Creative Nonfiction Literature

Letter to a Stranger: To the Guy Dancing Alone at 33 Golden | Conor Breen

 

Saturday nights in New London can feel like the wild west at times. There’s a handful of bars within a two or three minute walk of each other, and there are more than enough people to fill them twice over. At the end of the night it seems like the New London Police Department relocates their headquarters to Golden Street: a little one way that connects the waterfront to the rest of downtown. The bars are a fluorescent light for a swarm of people looking for a buzz.

The paint on the door to 33 Golden is worn off, and if you didn’t know where to look you could easily miss the entrance from the street. I always think I’m going to hit my head every time I walk down the stairs to get to the bar. It’s part of the charm of having a bar in a basement in downtown New London, and if you ask me, it’s the best one in Connecticut. It feels like you’re at a party in a friend’s basement.

It’s a small room, and the lights are just bright enough that you can read the bottles behind the bar: Jack Daniels, Smirnoff, Jägermeister. The bar and stage take up most of the space in the already tight room, and with all of the posts right down the middle it can be hard to navigate once people start to fill in. There’s a vague 80s rock theme: Misfits and Clash posters with broken frames hang, slightly slanted, from the walls. Over the speakers the soundtrack, always just a little bit too loud, is usually some form of Spotify curated punk playlist.

You could have been at any of the other bars that night, but you ended up at 33 Golden. At first, I thought you were part of one of the clusters of tipsy New Londoners getting louder with each slurred syllable in the middle of a late-night bar crawl. Your outfit was straight from an early 2000s Ozzfest: faded black band t-shirt, those baggy black Tripp shorts with all the chains and straps that wanted to be pants so bad, but weren’t quite long enough, and black Doc Martens. I remember my sister used to dress the same way when she was in high school.

You weren’t there to mingle with the regulars. You were there for the same reason I was there: the show. I could tell that you had come because of the promise of industrial metal. I’ve never really understood what exactly industrial music is. I’ve been shown Nine Inch Nails, Ministry, Marylin Manson, and there are some similar qualities, but nothing that I thought warranted its own genre, but you were wearing the uniform of a person who knows it better than anyone else.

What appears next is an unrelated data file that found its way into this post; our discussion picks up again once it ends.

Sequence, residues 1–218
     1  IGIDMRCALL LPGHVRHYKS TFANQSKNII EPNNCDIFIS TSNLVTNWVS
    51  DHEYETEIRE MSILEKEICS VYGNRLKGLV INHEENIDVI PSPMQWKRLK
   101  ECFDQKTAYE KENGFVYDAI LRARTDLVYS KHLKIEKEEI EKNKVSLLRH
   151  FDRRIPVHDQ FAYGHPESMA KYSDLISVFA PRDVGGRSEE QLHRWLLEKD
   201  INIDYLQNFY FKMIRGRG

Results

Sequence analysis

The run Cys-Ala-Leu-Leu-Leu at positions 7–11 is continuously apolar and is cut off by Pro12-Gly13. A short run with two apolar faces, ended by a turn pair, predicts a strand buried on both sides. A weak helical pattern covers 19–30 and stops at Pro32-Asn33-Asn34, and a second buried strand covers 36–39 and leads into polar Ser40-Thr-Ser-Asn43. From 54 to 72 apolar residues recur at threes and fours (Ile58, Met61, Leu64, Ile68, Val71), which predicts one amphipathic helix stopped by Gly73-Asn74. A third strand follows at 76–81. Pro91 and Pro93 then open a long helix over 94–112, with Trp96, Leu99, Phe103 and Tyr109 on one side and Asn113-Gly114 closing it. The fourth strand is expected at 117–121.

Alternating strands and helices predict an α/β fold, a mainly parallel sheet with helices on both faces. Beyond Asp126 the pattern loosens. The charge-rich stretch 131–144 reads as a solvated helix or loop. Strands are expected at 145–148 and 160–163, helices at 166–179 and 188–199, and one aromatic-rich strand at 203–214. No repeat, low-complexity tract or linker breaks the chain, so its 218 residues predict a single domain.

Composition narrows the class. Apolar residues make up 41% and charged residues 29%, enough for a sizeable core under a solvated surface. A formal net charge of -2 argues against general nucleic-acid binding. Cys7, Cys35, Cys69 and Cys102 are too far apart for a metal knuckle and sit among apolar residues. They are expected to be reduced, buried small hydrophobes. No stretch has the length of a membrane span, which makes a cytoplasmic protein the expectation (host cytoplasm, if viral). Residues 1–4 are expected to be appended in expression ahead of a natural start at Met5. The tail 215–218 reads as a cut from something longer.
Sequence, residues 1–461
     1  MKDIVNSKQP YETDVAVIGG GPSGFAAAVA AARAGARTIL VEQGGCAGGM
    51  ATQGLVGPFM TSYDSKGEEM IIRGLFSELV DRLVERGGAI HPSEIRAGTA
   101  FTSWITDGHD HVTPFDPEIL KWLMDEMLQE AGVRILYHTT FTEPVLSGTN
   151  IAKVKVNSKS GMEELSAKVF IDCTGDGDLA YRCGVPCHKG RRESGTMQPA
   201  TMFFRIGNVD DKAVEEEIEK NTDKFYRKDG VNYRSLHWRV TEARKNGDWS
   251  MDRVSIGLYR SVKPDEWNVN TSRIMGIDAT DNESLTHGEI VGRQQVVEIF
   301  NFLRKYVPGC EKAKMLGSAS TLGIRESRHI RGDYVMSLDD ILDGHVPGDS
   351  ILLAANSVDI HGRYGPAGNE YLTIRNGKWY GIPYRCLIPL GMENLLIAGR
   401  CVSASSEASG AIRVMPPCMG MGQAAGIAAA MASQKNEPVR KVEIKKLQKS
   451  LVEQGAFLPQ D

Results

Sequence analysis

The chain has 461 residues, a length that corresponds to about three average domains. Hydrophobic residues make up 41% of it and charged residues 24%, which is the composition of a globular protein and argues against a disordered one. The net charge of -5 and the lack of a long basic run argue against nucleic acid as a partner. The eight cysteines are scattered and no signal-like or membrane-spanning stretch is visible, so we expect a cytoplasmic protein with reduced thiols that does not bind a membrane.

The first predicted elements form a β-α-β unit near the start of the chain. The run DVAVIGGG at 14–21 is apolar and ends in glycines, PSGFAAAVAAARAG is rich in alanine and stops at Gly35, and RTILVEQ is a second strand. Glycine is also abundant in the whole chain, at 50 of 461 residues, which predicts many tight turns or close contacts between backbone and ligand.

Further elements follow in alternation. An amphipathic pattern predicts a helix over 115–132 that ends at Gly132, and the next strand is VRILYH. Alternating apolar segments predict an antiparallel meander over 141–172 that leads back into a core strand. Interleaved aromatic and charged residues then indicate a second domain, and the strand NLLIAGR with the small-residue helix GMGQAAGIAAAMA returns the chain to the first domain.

Every other person had a $2 red, white, and blue can of PBR in one hand and a phone in the other, and those who had neither stood still with their arms crossed. You wasted no time gliding to the front of the sparse crowd comprised mostly of members of the bands playing that night (it’s how it normally is whenever we play a show), and you ended up right next to me in the corner by the Ms. Pac Man arcade machine.

I don’t remember who went on first, but I think it was Komrads. Just one guy with a MacBook Pro and a drum machine. As soon as the first notes broke free from the speakers I was mesmerized. Not on the stage in the corner, but on you, dancing by yourself. To most people the distorted guitars, blown out synth bass lines, and barked vocals wouldn’t seem like dance music, but the pulsing arpeggios underneath all of the bone shaking riffs could make anyone start moving.

After a Lo-Fi sample that I could only imagine was from an old Sci-Fi movie, the arpeggiated bassline arose from the depth of the subwoofers. You started off slow but smooth, and I could tell that this was something you had done before. Your feet never seemed to move, but the rest of your body was in synch. The tempo began to quicken, and you matched it perfectly. Your arms reaching out as if to catch the notes in mid-air.

The bass drop was coming. The pitch was rising higher and higher, and the tension along with it. It seemed like it was never going to come, but then it happened: the grimiest synth line I had ever heard, and I could feel the bass thumping in my chest, and I knew you could too.

People all over the bar were tapping their friends on the shoulder and pointing over in your direction. They had to yell to be heard over the vocalist screaming about Satan. It’s the sort of thing that would stop me in my tracks, but it didn’t faze you at all. People always talk about living in the moment, and there you were, truly living in your moment.

I had never seen anything quite like it. You were practicing an ancient martial art that only a select few were able to master. There wasn’t a pattern that I could pick up, but everything you did seemed like it had been meticulously choreographed even though you were hearing the songs for the first time.

I was enthralled because I was a jealous. I love dancing at shows, but I’m always too self-conscious to, especially if I’m by myself. Watching you with your eyes closed, in your own world, zoning out to the synth infused metal made me wonder what you were thinking about dancing in a room full of people you don’t know, to songs you’ve never heard before. Do you think about the people watching you? Or do you imagine that you’re in your parent’s basement by yourself? Did you even notice me watching you, wishing I had the confidence to dance at a bar alone?

Connor Breen is a junior at Central Connecticut State University. 

Headline Photo credit of Connor Breen.  

Blue Muse Magazine is a general interest literary magazine published by the students of the English Department at Central Connecticut State University in New Britain, Connecticut. We publish poetry, fiction, and a gamut of creative nonfiction on anything and everything the blue muse inspires us to write.

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